Unlike some of its perpetually active neighbors on the Kamchatka Peninsula, Raikoke Volcano on the Kuril Islands rarely erupts. The small, oval-shaped island most recently exploded in 1924 and in 1778.
The dormant period ended around 4:00 a.m. local time on June 22, 2019, when a vast plume of ash and volcanic gases shot up from its 700-meter-wide crater. Several satellites—as well as astronauts on the International Space Station—observed as a thick plume rose and then streamed east as it was pulled into the circulation of a storm in the North Pacific.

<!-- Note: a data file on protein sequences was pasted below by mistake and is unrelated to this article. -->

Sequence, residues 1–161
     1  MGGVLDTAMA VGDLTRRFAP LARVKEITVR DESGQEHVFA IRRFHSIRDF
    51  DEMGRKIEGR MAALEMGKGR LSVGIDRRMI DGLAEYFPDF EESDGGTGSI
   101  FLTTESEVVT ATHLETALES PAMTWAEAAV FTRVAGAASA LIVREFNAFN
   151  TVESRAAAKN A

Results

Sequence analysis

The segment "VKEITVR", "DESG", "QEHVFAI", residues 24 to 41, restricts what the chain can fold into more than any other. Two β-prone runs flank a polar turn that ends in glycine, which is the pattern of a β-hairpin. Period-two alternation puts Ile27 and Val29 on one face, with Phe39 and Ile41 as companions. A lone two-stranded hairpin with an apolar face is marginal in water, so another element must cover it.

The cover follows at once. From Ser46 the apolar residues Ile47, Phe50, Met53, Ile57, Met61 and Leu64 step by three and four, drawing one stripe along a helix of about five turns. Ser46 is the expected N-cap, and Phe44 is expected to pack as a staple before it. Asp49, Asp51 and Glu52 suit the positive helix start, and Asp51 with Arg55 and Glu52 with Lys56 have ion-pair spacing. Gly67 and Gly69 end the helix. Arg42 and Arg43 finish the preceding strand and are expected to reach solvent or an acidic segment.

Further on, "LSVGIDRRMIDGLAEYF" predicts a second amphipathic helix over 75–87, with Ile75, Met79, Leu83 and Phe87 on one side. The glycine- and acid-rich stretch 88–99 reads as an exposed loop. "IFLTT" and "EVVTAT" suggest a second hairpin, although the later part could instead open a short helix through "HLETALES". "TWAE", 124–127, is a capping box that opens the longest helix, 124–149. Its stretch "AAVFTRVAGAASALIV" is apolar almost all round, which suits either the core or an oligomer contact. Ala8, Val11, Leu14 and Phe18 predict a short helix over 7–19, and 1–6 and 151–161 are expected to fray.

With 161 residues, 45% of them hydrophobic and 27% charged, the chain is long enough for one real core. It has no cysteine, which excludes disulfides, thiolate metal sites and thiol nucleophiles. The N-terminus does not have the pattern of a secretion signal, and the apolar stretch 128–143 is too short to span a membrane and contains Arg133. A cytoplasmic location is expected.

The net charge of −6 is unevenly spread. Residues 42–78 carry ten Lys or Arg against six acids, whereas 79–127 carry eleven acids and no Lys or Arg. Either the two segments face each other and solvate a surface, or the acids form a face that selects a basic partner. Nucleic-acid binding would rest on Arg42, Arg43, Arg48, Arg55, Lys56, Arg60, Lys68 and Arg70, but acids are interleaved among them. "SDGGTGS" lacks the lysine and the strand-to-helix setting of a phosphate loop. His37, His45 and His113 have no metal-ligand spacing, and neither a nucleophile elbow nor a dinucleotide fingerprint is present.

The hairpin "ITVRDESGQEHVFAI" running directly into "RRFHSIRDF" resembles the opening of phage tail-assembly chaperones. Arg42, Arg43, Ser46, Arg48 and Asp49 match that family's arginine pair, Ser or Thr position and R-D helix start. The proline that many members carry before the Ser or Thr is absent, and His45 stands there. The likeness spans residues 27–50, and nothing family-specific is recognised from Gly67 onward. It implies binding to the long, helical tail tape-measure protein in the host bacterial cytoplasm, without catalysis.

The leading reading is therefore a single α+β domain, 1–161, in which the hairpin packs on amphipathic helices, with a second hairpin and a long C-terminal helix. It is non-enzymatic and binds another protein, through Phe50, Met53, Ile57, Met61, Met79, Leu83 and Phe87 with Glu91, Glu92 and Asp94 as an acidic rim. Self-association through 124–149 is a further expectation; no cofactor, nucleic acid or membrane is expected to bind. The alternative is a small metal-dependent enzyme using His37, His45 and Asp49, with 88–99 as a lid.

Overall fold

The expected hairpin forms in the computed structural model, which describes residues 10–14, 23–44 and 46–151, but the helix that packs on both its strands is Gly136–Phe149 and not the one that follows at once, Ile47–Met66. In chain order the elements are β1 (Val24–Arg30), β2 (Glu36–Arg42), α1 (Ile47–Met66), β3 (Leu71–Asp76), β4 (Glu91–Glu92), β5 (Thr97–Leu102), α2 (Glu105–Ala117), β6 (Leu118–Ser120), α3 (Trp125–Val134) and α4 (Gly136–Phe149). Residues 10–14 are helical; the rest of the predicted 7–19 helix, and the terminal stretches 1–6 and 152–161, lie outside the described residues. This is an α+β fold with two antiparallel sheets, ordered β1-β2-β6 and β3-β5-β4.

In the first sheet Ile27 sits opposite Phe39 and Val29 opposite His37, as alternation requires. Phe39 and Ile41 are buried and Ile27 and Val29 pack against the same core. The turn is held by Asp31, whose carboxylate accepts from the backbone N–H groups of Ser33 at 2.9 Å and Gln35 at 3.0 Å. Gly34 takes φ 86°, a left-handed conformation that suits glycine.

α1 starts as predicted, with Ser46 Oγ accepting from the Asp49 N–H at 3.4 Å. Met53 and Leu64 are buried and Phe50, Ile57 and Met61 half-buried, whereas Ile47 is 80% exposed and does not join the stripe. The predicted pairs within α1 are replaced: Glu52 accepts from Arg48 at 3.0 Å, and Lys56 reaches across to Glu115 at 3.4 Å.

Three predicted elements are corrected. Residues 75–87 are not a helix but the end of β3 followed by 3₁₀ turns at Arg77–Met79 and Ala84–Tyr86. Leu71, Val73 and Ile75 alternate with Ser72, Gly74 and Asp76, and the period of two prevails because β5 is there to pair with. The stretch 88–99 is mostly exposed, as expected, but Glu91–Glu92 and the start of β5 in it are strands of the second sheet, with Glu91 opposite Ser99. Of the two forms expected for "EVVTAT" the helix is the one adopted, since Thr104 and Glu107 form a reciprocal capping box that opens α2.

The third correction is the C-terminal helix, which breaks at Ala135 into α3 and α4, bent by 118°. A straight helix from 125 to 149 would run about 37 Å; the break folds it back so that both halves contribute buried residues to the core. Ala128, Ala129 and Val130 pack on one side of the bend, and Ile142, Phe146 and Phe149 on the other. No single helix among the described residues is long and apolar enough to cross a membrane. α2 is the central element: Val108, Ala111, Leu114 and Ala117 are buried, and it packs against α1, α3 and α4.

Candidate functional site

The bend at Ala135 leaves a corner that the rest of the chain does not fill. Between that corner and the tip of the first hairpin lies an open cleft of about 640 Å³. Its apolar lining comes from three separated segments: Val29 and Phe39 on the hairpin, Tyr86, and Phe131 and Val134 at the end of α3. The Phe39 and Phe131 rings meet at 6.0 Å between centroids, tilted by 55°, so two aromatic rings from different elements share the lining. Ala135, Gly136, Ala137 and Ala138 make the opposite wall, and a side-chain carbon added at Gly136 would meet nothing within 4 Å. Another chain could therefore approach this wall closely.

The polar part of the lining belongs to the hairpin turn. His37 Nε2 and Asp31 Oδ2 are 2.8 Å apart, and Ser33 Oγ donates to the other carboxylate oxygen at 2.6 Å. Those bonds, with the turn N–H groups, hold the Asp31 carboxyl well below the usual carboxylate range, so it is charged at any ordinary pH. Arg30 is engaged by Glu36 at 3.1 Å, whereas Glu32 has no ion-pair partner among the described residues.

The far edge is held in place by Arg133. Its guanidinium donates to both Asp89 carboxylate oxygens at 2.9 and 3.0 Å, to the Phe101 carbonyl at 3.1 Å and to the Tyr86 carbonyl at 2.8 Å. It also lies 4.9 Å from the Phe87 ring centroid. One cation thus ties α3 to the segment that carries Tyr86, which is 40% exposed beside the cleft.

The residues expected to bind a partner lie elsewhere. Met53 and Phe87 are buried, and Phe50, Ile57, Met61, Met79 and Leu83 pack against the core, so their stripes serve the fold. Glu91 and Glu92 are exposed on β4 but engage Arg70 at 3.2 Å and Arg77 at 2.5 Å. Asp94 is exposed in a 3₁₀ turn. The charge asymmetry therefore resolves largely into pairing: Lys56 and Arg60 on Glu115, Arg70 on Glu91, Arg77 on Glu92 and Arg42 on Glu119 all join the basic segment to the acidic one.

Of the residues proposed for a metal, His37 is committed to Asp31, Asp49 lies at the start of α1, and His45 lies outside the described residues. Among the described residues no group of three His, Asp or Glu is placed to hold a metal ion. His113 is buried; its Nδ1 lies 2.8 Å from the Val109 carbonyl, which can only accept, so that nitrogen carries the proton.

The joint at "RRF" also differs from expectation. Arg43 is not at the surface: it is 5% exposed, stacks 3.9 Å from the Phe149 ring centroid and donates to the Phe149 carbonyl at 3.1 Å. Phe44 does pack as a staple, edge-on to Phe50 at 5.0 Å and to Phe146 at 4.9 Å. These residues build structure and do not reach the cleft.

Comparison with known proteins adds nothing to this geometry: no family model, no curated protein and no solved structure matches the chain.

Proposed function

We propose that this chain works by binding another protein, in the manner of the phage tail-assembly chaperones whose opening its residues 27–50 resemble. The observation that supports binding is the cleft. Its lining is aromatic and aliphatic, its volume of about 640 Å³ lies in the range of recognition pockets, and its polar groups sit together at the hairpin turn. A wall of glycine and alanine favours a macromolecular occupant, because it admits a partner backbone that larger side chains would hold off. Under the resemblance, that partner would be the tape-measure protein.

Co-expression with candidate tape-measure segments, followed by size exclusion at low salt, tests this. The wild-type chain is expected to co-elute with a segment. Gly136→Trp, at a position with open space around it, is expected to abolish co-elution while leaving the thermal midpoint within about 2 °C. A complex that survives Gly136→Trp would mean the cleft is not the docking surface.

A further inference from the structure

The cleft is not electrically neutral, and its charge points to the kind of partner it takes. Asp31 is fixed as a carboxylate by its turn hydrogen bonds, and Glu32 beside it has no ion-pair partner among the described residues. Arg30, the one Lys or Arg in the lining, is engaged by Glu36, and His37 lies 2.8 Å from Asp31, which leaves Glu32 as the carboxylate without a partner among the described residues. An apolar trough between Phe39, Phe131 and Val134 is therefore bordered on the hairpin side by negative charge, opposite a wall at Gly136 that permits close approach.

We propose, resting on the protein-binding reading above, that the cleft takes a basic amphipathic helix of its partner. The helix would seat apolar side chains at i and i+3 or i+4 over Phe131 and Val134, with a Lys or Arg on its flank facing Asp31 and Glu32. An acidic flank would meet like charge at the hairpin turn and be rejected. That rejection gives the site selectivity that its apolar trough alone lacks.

On the morning of June 22, astronauts shot a photograph of the volcanic plume rising in a narrow column and then spreading out in a part of the plume known as the umbrella region. That is the area where the density of the plume and the surrounding air equalize and the plume stops rising. The ring of clouds at the base of the column appears to be water vapor.
Since ash contains sharp fragments of rock and volcanic glass, it poses a serious hazard to aircraft. The Tokyo and Anchorage Volcanic Ash Advisory Centers have been tracking the plume closely and have issued several notes to aviators indicating that ash had reached an altitude of 13 kilometers (8 miles).